Your brain cells communicate with one another using tiny electrical signals, or impulses. During an EEG, your physician at The Neurology Group attaches small, metal discs called electrodes to your scalp where they monitor the electrical activity of your brain. Because your brain cells are always sending and receiving signals, even during sleep, there’s always activity to measure.
Neurologists know how to read the electrical impulse patterns of the brain, and they can differentiate between normal patterns and patterns that suggest specific disorders.
An EEG is one of the main diagnostic tools for epilepsy and other seizure disorders. It can also be useful for diagnosing or helping to treat the following problems:
An EEG is a noninvasive test that causes little to no discomfort. You lie comfortably on your back or sit on a chair as the electrodes are placed all over your scalp with a sticky paste. The electrodes have wires that extend to a recording machine, which receives the signals and translates them into patterns on a screen or on a paper printout.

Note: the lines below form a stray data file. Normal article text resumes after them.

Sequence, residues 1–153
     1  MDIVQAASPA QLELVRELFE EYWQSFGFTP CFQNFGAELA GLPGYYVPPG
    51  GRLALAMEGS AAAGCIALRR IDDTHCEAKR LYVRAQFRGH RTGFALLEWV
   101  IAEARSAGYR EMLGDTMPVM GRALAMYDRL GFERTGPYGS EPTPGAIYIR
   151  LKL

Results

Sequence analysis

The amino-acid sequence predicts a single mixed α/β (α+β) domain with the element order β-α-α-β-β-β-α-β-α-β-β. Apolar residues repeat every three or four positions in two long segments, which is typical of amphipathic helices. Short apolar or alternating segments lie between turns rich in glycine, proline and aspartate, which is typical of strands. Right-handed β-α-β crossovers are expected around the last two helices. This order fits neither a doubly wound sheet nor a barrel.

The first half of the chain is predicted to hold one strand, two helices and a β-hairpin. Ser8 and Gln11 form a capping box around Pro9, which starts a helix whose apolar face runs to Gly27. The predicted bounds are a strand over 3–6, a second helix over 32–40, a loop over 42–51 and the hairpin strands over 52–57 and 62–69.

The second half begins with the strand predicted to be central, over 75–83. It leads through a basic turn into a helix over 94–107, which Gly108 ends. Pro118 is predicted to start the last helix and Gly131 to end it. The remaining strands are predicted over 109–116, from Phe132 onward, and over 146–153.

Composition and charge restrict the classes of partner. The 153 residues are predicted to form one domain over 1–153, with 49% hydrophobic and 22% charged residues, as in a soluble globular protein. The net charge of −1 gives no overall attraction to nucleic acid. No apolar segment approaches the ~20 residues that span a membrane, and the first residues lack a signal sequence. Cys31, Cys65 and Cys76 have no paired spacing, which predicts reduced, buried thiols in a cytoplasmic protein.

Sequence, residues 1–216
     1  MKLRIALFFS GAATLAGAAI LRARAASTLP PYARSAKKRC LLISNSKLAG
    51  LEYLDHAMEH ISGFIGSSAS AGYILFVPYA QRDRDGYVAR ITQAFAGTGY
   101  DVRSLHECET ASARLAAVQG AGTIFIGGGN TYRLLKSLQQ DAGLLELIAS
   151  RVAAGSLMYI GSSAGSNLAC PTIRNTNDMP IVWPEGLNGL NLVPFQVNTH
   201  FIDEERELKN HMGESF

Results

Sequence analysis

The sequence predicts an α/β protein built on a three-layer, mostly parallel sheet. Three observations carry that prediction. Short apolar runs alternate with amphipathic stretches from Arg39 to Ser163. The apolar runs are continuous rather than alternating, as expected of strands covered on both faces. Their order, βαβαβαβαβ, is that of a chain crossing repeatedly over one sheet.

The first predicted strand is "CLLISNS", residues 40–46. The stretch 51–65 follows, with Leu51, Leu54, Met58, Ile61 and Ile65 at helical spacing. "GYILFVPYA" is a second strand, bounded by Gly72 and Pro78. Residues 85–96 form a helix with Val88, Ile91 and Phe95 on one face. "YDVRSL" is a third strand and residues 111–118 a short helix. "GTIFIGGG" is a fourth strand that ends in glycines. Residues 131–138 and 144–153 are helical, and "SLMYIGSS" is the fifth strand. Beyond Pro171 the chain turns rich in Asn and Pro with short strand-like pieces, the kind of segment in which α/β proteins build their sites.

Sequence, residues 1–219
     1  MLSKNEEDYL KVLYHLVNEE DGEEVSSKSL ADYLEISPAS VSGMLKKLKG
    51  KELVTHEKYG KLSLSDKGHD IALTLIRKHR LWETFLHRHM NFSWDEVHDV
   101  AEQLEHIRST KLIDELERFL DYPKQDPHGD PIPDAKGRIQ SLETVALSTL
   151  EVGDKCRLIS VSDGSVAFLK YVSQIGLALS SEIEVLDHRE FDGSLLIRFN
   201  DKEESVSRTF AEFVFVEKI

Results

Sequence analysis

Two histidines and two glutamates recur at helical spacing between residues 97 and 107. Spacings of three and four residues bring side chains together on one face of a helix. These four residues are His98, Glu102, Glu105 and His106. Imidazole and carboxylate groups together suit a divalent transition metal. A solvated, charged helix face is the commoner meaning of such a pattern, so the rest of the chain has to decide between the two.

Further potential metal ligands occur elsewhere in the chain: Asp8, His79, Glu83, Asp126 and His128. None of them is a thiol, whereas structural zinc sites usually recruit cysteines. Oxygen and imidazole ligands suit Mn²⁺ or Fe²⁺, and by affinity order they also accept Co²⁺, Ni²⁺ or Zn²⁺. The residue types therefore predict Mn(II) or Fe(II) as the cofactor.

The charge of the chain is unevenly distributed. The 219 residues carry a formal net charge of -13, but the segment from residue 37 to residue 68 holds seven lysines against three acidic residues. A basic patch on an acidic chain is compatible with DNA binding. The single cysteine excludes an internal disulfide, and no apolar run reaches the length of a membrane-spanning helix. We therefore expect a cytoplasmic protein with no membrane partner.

During the test, you’re asked to relax and stay still with your eyes closed, because movement changes the readout and alters your results. Your doctor at The Neurology Group may ask you to perform certain tasks during the test, such as looking at a bright light or changing your breathing pattern for a few moments. In some cases, you may be asked to sleep during the test.
When neurologists determine that a patient’s brain activity needs to be monitored for longer than 30-60 minutes, they perform an ambulatory EEG. This test requires you to wear electrodes and carry a special recorder as you go about your normal routine for up to three days. You keep the electrodes in your head, and can take the machine with you to your house.
You should wash your hair the night before your test, taking care to avoid using any conditioner, gels, sprays, or oils. You should also avoid consuming anything with caffeine for at least eight hours before your test, as it can affect your results. You can continue taking medication.
When you schedule your EEG, make sure your doctor knows all the medicines you take. You may be asked to stop taking certain medications ahead of time, but you shouldn’t change your medicines or stop taking any of them unless your neurologist asks you to do so.